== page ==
Levels of genetic variation at both mitochondrial and microsatellite loci are quite low in the Cerro Fatal population in contrast to the moderate to high levels exhibited in the Cerro Montura and La Caseta porteri
populations (). Overall, genetic variation among the three Santa Cruz populations is highly structured with most genetic variation being among, rather than within, populations (). Genetic differentiation between populations was also revealed by highly significant fixation indices for all possible pairwise comparisons, observed for both the mitochondrial CR and microsatellite datasets (). In fact, all three populations are reciprocally monophyletic as recovered from the mtDNA haplotype tree (data not shown) and population aggregation analysis revealed distinct aggregates among the domed porteri
, with 31 fixed nucleotide differences across four mtDNA gene regions diagnosing Cerro Fatal porteri
from La Caseta porteri
(data not shown). From both a genealogical (Avise & Ball 1990
) and phylogenetic species (Davis & Nixon 1992
) perspective, the two domed lineages of porteri
in Cerro Fatal and La Caseta represent distinct biological units. The presence of 100 private alleles between these two populations across nine microsatellite loci provides further evidence for this split, as do the results of assignment tests that identified 88 and 96% of La Caseta and Cerro Fatal individuals, respectively, as belonging to the populations in which they were collected. The three saddlebacked Cerro Montura individuals are also clearly genetically distinct from the two domed porteri
on Santa Cruz, sharing all mtDNA haplotypes and the majority of microsatellite alleles (greater than 80%) with the saddleback ephippium
population from the nearby island of Pinzón (). These individuals from north western Santa Cruz could represent the only remaining survivors of the source population from which the ephippium
populations originated, or a recent secondary colonization from Pinzón (Fritts 1984
Genetic divergence within Galápagos tortoises populations.
Genetic divergence among Galápagos tortoises populations.
On a higher level, phylogenetic analysis reveals that the lineages on Santa Cruz are paraphyletic, all exhibiting closer affinities with taxa on other islands than with each other (). The Cerro Fatal porteri are most closely related to chatamensis on San Cristóbal, with pairwise genetic distances indicating a stronger association with the extinct domed population ( and ). In contrast, La Caseta porteri is the basal lineage within a clade that includes the extinct Floreana taxon and several lineages from the younger, western island of Isabela ( and ). Of all pairwise comparisons involving each taxon, La Caseta porteri and the extinct Floreana taxon reciprocally exhibit the shallowest sequence divergence. Lastly, the Cerro Montura individuals form a well-supported sister group with the ephippium taxon on Pinzón, consistent with both morphology and mtDNA haplotype data ( and ). Overall, topological tests rejected hypotheses of monophyly (p<0.001) in the Santa Cruz lineages (Cerro Fatal, La Caseta and Cerro Montura) and in the domed porteri alone (Cerro Fatal and La Caseta).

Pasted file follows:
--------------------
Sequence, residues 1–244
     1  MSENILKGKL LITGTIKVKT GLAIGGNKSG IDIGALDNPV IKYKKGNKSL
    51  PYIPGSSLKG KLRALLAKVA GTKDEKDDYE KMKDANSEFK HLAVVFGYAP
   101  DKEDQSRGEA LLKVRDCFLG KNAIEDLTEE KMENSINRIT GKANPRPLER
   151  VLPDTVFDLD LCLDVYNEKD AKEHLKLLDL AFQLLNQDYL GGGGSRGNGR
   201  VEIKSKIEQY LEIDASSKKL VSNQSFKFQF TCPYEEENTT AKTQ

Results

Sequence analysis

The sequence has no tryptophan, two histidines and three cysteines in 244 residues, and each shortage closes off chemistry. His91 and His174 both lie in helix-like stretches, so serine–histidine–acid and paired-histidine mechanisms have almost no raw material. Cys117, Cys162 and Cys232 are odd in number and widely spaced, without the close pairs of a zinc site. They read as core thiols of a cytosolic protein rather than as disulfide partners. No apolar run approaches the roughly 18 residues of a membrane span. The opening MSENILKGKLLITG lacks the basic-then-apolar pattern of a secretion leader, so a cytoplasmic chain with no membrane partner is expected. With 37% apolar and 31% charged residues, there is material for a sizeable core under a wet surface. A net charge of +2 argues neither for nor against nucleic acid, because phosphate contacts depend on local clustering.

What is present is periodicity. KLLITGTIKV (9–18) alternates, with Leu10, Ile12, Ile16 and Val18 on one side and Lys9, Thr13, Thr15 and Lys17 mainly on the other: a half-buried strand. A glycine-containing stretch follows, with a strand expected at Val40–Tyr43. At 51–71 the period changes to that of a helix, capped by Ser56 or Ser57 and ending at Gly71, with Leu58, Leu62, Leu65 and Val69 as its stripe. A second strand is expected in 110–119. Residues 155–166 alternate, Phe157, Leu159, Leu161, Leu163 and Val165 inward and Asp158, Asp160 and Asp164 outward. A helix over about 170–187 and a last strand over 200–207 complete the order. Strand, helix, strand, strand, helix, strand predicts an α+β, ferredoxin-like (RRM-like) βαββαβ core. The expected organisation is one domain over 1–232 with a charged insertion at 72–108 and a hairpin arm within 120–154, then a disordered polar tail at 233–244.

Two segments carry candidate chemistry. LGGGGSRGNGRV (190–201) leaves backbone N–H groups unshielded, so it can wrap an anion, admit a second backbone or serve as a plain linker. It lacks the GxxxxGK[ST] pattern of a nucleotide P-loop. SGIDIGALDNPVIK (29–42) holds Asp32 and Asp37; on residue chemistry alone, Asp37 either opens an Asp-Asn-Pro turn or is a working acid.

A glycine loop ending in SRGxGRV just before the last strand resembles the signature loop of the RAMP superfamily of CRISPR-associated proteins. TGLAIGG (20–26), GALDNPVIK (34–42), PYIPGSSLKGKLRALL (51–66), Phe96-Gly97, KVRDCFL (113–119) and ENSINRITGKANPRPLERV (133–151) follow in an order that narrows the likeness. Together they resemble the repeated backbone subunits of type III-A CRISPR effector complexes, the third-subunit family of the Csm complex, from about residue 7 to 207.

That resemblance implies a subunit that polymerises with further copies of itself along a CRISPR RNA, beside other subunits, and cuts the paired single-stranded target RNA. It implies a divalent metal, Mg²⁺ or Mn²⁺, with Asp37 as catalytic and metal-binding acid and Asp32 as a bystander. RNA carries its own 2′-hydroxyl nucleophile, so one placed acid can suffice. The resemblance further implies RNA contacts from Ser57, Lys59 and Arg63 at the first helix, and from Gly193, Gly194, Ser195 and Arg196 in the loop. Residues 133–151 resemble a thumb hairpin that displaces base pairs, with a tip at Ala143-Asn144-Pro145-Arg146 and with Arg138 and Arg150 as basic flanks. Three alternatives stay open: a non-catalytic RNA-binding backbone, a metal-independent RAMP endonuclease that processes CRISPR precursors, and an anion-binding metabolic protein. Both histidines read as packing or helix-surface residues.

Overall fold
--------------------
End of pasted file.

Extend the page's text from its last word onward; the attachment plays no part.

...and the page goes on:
Figure 2 Bayesian phylogenetic tree of extant and extinct Galápagos tortoise taxa. Distinct haplogroups of becki, guntheri and vicina are indicated with numbers and follow ; island of origin for each taxon is shown on the right; an asterisk (*) (more ...)
In addition to the distinct phylogenetic affinities of the three porteri
lineages with taxa from different islands, application of a species-specific mtDNA CR rate (Beheregaray et al. 2004
) suggests a temporal divide in their relative divergence times. The split between the Cerro Fatal porteri
and San Cristóbal chatamensis
lineages exhibits differing divergence times relative to the extinct, domed and extant saddlebacked chatamensis
lineages, estimated at approximately 445
000 and 490
000 years ago (ya), respectively. Slightly deeper divergence times were reconstructed for La Caseta porteri
and the extinct taxon on the southern island of Floreana, with a split dated between 584
000 and 926
000 ya. The timing of the saddleback lineages’ separation from Cerro Montura on Santa Cruz and ephippium
on Pinzón was much more recent (0–261
Taken together, these findings suggest a significant revision of Galápagos tortoise taxonomy is in order. Of more immediate importance, the results of this molecular study unambiguously designate the La Caseta and Cerro Fatal porteri
as distinct conservation units (Moritz 1994
; Vogler & DeSalle 1994
). This designation is especially pertinent for Cerro Fatal, as this population has suffered a dramatic decline in recent times due to heavy poaching and the conversion of their habitat to agricultural fields and lacks genetic variation compared with the fairly abundant and diverse population from La Caseta. From a broader perspective, despite years of study beginning with Darwin in 1835, modern DNA-based research coupled with thorough character and taxonomic sampling (extant and extinct) is still yielding insights into the taxonomy of the renowned giant tortoises of Galápagos. Of particular relevance are implications for conservation of the genetic, morphological and behavioural diversity of these extraordinary organisms, whose historical contribution to human intellectual history warrant them special attention.